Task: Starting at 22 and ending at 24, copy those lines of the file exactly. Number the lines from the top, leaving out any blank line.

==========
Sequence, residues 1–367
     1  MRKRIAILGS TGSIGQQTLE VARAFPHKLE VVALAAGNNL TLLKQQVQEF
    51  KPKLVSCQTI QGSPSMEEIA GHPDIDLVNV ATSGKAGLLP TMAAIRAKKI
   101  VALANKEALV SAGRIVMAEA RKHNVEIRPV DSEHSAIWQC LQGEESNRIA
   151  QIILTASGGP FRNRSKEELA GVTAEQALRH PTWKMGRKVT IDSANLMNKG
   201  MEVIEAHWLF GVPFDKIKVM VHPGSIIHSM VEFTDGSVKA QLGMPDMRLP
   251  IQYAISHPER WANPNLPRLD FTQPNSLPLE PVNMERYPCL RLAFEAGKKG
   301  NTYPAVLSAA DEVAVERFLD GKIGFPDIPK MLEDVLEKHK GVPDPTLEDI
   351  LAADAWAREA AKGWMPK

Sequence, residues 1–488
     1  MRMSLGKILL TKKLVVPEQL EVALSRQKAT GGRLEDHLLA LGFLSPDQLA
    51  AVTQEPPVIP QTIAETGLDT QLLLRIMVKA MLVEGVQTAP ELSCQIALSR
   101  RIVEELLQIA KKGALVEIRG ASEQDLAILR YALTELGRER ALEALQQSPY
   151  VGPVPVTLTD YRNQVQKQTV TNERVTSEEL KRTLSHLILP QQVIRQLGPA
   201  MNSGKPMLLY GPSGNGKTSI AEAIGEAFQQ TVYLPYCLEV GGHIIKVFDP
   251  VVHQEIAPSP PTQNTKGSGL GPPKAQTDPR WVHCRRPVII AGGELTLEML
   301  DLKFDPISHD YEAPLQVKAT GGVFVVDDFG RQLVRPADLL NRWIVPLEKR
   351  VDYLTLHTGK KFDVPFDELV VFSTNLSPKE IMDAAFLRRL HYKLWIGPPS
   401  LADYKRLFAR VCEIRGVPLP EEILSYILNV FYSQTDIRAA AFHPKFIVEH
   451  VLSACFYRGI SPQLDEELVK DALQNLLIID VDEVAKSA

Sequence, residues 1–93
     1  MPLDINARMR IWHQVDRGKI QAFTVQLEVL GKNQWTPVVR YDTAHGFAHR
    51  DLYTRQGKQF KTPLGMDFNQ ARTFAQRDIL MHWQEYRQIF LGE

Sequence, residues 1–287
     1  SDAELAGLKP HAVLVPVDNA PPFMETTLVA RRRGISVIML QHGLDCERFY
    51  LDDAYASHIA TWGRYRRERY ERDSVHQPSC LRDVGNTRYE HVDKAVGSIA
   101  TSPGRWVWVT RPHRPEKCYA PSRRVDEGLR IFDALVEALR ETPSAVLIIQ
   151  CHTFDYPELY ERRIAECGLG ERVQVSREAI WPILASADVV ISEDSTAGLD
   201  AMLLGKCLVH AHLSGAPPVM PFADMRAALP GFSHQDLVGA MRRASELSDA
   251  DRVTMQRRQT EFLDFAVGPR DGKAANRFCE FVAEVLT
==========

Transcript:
     1  MPLDINARMR IWHQVDRGKI QAFTVQLEVL GKNQWTPVVR YDTAHGFAHR
    51  DLYTRQGKQF KTPLGMDFNQ ARTFAQRDIL MHWQEYRQIF LGE

Sequence, residues 1–287